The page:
E-cigarettes could be prescribed on the NHS in world first

As part of the government's ambition to make England smoke-free by 2030, we could become the first country in the world to prescribe medicinally licensed e-cigarettes.

With the government wanting to reduce smoking rates, prescribing e-cigarettes could be a way of helping people stop smoking tobacco products.

What do those in charge think?

The idea is still in its early stages and medical regulators will collaborate with manufacturers to ensure the products are safe and effective. However, Health and Social Care Secretary Sajid Javid welcomes the step forward in the licensing process for manufacturers.

"This country continues to be a global leader on healthcare, whether it's our COVID-19 vaccine rollout saving lives or our innovative public health measures reducing people's risk of serious illness.

"Opening the door to a licensed e-cigarette prescribed on the NHS has the potential to tackle the stark disparities in smoking rates across the country, helping people stop smoking wherever they live and whatever their background," he said.

How will it work?

The Medicines and Healthcare products Regulatory Agency (MHRA) is now allowing manufacturers to submit their e-cigarette products for approval. The regulatory approvals for e-cigarettes are the same as for other medicines available on the health service.

Those given the green light could become licensed medical products. However, it will be down to clinicians to decide on a case-by-case basis whether prescribing an e-cigarette would help a tobacco smoker quit.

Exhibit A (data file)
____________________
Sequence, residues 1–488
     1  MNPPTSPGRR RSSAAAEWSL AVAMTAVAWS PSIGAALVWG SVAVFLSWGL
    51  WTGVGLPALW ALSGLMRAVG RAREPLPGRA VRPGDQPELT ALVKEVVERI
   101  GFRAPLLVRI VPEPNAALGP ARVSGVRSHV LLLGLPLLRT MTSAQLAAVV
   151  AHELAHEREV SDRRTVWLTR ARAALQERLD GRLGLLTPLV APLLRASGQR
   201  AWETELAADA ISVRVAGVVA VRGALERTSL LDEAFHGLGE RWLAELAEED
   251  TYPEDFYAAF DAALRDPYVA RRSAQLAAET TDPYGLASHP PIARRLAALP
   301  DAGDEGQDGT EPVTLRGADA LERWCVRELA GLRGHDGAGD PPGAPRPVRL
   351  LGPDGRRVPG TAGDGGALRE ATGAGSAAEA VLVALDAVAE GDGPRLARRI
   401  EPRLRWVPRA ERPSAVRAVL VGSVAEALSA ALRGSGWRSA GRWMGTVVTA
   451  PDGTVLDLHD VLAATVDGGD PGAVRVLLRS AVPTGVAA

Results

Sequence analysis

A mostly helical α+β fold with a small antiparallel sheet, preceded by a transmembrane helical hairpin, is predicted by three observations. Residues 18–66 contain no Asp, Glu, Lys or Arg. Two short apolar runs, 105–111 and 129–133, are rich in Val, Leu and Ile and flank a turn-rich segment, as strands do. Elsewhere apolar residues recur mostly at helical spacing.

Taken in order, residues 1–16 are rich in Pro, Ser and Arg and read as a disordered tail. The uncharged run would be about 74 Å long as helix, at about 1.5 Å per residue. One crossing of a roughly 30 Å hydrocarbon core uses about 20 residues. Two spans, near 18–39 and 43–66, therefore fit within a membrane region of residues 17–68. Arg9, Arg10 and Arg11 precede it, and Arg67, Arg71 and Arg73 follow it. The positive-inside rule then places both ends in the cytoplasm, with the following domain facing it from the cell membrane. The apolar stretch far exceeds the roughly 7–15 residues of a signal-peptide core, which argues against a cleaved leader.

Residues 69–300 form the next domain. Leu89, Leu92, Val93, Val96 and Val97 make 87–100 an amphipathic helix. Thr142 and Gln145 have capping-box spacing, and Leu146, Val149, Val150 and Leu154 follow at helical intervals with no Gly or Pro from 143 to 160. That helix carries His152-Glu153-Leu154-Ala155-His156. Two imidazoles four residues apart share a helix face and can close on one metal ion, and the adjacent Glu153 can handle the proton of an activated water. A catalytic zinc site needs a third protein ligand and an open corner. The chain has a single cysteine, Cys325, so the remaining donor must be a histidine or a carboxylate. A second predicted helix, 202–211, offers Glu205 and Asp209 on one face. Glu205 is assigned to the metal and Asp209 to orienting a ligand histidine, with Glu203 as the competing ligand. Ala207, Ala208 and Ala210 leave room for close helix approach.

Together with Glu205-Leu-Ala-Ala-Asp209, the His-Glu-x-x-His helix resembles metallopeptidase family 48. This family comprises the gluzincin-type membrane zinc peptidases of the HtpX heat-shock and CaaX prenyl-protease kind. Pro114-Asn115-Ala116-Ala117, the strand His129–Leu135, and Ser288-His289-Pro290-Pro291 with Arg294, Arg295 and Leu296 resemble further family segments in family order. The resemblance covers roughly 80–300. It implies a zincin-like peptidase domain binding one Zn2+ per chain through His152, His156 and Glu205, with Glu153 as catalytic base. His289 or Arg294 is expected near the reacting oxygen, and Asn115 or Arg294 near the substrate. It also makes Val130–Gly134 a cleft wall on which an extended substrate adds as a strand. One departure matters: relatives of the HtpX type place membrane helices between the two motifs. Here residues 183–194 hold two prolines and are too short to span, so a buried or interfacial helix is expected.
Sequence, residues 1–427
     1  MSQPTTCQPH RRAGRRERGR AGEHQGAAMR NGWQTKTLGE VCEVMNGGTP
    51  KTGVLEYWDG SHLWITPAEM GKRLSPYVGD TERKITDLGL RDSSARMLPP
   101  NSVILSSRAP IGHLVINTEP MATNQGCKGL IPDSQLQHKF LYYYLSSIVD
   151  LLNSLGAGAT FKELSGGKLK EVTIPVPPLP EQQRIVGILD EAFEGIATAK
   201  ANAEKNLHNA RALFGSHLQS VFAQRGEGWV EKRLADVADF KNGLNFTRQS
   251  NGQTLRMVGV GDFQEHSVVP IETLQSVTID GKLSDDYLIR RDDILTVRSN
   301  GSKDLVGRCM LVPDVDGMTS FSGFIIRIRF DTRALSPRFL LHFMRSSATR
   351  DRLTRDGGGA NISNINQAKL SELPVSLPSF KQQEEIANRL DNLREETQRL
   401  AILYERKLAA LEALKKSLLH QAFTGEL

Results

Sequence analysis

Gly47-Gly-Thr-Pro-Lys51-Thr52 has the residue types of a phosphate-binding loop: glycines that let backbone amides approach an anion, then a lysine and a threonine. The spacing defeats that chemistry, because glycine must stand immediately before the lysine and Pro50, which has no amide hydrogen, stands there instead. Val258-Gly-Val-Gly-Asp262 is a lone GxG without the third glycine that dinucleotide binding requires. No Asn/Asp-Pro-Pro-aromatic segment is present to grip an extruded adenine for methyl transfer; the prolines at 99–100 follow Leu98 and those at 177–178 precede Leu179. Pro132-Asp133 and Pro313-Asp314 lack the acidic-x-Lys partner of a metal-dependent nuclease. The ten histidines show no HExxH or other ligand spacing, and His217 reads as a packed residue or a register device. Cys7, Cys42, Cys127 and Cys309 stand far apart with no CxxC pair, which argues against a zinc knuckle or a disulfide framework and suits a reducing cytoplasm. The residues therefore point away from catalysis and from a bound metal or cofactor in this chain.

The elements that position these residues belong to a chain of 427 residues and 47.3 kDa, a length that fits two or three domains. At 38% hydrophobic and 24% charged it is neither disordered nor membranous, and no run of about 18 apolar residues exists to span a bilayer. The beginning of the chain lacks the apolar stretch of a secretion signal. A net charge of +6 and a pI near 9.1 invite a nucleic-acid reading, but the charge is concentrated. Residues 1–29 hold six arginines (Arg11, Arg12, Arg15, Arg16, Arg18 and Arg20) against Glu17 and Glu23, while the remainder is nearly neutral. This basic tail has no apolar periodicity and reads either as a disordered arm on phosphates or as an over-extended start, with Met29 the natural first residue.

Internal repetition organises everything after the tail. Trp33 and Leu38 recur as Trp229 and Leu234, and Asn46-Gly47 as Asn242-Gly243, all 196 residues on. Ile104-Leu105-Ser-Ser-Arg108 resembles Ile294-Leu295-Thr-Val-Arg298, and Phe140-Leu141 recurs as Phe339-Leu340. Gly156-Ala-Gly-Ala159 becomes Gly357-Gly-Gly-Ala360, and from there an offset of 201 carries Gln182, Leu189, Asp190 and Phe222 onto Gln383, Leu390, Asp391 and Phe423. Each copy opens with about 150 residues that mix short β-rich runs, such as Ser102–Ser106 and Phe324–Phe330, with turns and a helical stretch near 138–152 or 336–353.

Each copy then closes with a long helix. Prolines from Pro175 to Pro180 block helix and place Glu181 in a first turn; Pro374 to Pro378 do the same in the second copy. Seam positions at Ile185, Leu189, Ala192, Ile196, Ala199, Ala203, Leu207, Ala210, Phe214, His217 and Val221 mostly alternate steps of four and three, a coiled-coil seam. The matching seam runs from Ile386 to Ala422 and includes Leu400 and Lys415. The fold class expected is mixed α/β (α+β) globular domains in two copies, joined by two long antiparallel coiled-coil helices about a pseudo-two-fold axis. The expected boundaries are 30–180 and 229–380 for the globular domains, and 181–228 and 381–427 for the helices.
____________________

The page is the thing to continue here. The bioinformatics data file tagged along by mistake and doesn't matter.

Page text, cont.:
It remains the case that non-smokers and children are strongly advised against using e-cigarettes.

Will prescribing e-cigarettes actually reduce smoking rates?

Most e-cigarettes contain nicotine and they are not risk free. However, expert reviews from the UK and USA have been clear that the regulated e-cigarettes are less harmful than smoking. A medicinally licensed e-cigarette would have to pass even more rigorous safety checks.

Smoking remains the leading preventable cause of premature death. While rates are at record low levels in the UK, there are still around 6.1 million smokers in England.

E-cigarettes were the most popular aid used by smokers trying to quit in England in 2020. They have been shown to be highly effective in supporting those trying to quit, with 27.2% of smokers using them. In comparison, 18.2% use nicotine replacement therapy products, such as patches and gum.

Some of the highest success rates of those trying to quit smoking are among people using an e-cigarette to kick their addiction. Up to 68% of smokers successfully quit in 2020-2021 if they combined e-cigarettes with expert input from local Stop Smoking services.

Almost 64,000 people died from smoking in England in 2019 and the Office for Health Improvement and Disparities (OHID) is supporting efforts to level up public health and ensure communities across the country have equal health outcomes.

The e-cigarette initiative also hopes to tackle the stark differences in smoking rates across the country. Smoking rates in Blackpool (23.4%) and Kingston upon Hull (22.2%) are poles apart from rates in wealthier areas, such as Richmond upon Thames (8%).

Reducing health disparities - including in smoking rates - and keeping people in better health for longer are good for the individual, families, society, the economy and the NHS. To achieve this overall ambition, the OHID will work collaboratively at national, regional and local levels. They will also work alongside the NHS, academia, the third sector, scientists, researchers and industry.

The government will soon publish a new Tobacco Control Plan which will set out the roadmap for achieving a smoke-free England by 2030.

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